And, of course, we’ll be answering questions in the two official languages of our country. Bravo to Franco-Ontarians. Bravo to Anglophones. We’ll speak the two languages, right?
OK, where do we start?
April 8, 2011
Elections are about choices.
A choice such as you face when you come to a fork in the road, but at least with a fork in the road, either choice still leads forward. This election isn’t like that. This election is like deciding whether to go forward, or to make a U-turn. Canadians can choose to make a u-turn, to go back to the 1970s and the decades that followed, when Canada struggled with high government spending, high taxes and not enough jobs. A government involving Mr. Ignatieff’s Liberals, the NDP, and the Bloc Québécois would take Canada back to the 1970s, making us all fall to the back of the pack.
Canadians have another option, and can instead choose to go forward. We can choose the Conservative low-tax plan for jobs and economic growth, so that Canada can emerge from the global recession faster and stronger than our peers among the leading industrialized countries. The way forward is to choose a strong, stable, national, majority, Conservative Government.
Our Conservative platform is realistic and accurately-costed, and it shows our plans right through a four-year term.Our plan is based on policies that have proven their worth and that are already working for Canadian families. It builds on the same low-tax, job-focussed orientation as Canada’s Economic Action Plan — a plan that is bringing Canada through the worst worldwide recession in 80 years at the head of the global class.
Our platform contains the same low-tax, job-focussed policies that were at the core of the federal Budget — the Next Phase of Canada’s Economic Action Plan — a plan that we will implement right away if we have the honour of being re-elected.Our plan contains real, affordable benefits and tax reductions for Canadian families. In fact, being affordable and not requiring tax increases are two of the most important distinctions between our platform and the reckless election promises being made by Mr. Ignatieff’s Liberals, the NDP, and the Bloc Québécois.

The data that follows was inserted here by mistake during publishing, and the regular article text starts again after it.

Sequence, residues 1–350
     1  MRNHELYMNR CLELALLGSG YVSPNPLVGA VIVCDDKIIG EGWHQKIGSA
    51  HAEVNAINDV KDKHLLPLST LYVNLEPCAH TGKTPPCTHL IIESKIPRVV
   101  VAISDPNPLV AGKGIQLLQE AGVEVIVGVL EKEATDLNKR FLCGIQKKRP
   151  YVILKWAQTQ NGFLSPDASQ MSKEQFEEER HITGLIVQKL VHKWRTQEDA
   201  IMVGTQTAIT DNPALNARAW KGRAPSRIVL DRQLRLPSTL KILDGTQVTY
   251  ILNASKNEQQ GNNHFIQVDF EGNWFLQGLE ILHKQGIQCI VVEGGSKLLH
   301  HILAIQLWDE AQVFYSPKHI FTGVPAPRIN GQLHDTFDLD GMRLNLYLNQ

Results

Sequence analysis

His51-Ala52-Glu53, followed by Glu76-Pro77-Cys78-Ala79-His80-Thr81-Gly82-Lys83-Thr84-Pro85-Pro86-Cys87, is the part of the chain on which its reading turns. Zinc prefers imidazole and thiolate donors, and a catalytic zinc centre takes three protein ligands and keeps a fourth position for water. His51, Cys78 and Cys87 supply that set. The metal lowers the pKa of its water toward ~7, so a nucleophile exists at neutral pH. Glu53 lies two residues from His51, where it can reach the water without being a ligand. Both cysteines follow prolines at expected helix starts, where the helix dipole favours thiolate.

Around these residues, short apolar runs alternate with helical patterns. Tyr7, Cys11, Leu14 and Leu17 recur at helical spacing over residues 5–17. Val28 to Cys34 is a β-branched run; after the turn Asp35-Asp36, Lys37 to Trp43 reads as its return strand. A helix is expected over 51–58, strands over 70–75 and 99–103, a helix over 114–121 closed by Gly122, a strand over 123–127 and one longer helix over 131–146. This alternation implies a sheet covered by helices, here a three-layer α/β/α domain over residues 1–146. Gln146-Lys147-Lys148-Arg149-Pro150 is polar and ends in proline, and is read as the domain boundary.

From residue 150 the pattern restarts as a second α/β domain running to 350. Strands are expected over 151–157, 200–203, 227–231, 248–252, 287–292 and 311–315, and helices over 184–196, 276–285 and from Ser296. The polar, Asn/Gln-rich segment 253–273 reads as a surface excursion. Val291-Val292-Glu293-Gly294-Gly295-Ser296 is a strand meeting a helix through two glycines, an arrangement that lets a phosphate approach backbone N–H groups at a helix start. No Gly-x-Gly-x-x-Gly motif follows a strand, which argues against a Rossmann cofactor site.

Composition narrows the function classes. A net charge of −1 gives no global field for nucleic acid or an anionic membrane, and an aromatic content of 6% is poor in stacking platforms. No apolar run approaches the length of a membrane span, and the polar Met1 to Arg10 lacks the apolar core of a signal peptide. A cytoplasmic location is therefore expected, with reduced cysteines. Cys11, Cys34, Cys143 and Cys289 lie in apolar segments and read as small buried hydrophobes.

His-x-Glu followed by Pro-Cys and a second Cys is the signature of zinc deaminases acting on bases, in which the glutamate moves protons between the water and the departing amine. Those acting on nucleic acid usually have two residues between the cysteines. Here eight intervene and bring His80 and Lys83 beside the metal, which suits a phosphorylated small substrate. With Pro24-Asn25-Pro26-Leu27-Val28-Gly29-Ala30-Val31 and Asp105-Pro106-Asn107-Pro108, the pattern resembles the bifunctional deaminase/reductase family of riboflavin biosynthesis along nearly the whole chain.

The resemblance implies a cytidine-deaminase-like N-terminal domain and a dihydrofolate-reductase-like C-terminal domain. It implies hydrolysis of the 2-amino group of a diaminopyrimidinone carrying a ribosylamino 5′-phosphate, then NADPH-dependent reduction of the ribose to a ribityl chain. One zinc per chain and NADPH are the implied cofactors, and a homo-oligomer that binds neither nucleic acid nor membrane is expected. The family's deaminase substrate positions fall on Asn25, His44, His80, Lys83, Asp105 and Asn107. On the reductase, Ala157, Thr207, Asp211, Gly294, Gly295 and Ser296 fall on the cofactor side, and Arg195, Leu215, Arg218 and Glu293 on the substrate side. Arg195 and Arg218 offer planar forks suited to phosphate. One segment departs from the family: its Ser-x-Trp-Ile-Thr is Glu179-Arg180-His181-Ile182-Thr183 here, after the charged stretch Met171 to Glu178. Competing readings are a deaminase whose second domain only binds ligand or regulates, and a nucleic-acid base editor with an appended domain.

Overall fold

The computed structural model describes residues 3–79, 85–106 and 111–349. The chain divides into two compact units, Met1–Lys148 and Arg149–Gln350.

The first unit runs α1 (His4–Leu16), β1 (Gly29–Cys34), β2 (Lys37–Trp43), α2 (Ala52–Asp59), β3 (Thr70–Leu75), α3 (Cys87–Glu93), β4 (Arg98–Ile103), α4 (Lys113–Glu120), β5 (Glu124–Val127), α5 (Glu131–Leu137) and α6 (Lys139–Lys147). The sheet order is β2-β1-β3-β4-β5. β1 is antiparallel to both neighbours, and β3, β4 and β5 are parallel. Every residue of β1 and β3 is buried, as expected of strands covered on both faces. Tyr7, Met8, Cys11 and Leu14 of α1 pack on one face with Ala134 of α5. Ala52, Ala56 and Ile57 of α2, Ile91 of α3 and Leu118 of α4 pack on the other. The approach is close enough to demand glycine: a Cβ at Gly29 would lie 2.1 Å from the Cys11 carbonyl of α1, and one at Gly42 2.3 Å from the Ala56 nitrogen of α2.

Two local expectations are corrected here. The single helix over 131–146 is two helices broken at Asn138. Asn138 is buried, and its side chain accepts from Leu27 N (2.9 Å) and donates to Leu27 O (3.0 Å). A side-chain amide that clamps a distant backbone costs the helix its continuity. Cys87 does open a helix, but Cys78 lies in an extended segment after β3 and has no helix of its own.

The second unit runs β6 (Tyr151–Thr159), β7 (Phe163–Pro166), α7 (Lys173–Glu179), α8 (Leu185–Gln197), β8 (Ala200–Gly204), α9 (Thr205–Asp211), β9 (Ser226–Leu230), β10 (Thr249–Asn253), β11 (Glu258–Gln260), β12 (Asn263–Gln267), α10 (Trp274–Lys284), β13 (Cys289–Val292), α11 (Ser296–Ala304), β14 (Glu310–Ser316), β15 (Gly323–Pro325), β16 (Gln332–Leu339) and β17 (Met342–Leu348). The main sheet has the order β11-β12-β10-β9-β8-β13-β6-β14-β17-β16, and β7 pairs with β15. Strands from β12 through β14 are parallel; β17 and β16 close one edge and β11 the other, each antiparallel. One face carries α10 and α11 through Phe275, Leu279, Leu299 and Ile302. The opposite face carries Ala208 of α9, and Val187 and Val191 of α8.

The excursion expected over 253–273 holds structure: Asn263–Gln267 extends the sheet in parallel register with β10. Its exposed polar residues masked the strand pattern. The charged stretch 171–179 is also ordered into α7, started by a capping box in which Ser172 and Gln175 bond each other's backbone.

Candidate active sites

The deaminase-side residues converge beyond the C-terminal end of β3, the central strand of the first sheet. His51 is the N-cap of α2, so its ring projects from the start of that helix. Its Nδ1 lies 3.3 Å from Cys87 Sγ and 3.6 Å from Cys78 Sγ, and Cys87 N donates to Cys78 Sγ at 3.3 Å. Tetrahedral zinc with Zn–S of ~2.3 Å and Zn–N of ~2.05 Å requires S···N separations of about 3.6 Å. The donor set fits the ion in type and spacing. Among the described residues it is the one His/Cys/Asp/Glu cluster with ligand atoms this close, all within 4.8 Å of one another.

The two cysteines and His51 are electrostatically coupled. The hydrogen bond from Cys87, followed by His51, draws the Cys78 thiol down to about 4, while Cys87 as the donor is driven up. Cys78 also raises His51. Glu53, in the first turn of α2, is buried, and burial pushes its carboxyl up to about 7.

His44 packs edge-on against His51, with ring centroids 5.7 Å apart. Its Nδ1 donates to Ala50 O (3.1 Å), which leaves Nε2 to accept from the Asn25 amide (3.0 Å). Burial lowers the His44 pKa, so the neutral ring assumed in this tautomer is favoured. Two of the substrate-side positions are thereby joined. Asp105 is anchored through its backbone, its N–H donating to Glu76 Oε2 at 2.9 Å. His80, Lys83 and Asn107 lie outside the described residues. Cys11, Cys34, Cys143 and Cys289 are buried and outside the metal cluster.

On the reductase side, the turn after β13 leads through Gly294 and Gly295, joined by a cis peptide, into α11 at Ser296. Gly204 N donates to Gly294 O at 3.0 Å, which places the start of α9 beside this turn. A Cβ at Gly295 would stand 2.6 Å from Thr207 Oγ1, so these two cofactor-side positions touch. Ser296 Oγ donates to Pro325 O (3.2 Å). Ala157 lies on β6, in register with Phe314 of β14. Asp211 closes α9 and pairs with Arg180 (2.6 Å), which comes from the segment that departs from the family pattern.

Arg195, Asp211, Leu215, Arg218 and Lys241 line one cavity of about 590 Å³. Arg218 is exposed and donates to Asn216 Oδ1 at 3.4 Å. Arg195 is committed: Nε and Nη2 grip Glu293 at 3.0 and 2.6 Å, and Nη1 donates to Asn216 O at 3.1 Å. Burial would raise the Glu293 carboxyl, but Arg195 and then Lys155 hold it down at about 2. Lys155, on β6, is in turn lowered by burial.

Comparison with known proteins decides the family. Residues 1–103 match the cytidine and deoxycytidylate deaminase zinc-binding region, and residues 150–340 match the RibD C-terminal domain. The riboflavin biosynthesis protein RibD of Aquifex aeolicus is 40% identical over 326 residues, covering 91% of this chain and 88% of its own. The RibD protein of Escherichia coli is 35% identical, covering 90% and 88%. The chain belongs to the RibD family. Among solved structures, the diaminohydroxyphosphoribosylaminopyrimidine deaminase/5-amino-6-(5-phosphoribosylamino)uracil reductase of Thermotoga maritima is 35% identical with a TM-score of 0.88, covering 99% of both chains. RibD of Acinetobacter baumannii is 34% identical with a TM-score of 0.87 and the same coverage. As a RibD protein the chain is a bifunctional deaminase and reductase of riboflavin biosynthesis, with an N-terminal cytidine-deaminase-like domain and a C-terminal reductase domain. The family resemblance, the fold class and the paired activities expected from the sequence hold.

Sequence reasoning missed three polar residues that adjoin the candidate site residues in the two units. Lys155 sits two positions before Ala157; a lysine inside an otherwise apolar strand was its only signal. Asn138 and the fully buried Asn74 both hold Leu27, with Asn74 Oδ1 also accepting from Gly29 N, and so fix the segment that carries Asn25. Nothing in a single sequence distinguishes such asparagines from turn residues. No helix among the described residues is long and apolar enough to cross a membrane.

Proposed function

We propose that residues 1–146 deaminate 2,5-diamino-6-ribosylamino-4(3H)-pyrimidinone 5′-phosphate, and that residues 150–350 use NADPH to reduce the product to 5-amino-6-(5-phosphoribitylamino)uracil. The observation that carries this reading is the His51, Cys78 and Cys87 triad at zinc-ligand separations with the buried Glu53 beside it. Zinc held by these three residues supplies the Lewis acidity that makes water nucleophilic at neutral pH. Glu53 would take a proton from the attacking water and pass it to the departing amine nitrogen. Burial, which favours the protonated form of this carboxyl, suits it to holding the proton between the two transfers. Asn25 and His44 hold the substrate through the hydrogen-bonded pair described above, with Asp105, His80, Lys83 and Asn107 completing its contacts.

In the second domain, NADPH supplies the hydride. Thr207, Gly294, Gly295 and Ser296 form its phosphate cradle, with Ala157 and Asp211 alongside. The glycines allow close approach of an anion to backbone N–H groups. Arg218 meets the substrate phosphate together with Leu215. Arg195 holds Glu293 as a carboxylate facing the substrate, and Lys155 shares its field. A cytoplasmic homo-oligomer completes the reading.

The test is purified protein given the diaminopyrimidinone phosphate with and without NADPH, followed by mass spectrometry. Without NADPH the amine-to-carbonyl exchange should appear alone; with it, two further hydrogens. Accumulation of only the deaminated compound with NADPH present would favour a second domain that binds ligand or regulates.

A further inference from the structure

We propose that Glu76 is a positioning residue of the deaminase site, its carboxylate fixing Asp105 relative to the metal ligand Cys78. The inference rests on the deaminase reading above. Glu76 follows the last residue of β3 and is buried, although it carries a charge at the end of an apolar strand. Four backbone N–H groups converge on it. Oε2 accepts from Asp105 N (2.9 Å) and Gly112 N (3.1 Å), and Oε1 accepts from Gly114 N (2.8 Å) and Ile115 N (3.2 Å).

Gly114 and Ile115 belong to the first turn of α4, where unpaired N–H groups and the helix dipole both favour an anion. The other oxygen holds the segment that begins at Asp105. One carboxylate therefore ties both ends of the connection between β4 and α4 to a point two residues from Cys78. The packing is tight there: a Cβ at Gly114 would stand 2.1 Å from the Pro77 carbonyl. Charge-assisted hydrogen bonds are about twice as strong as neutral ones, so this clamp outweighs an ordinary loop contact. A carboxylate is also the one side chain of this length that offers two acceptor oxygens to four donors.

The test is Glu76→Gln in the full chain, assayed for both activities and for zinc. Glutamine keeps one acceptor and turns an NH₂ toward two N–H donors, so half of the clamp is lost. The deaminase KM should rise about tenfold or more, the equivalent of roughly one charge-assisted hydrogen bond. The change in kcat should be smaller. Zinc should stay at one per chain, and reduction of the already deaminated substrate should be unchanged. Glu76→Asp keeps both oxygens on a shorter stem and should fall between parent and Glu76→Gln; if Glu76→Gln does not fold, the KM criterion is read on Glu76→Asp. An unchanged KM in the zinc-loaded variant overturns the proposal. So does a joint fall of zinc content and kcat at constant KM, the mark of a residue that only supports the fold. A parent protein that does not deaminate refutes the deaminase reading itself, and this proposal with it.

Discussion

The first main theme of our platform is the economy.
Our Government has, from the beginning, pursued a low-tax plan for jobs and growth.This is the best way to encourage economic activity, to increase revenues for the government, and to provide affordable choices for Canadians. Our plan is based on training, trade, and low taxes. On training, we have important measures for older workers who need new skills, for students, and for immigrants who need to get foreign credentials recognized in Canada. No other party can match our record or our future plans for improved trade and access to export markets, or for keeping taxes down.
This will not change, because Conservatives understand that you cannot tax your way to prosperity and you cannot create jobs by raising taxes.
Our second theme, consistent through our time in office, is that Conservatives measure success by whether we construct a better future for our children and our grandchildren. We are proud to say that we have already made significant progress for families, and that we have done so through a low-tax approach. We have promoted choice in childcare and brought in the $1,200 per year child benefit, measures that have helped millions of people with the cost of raising their families.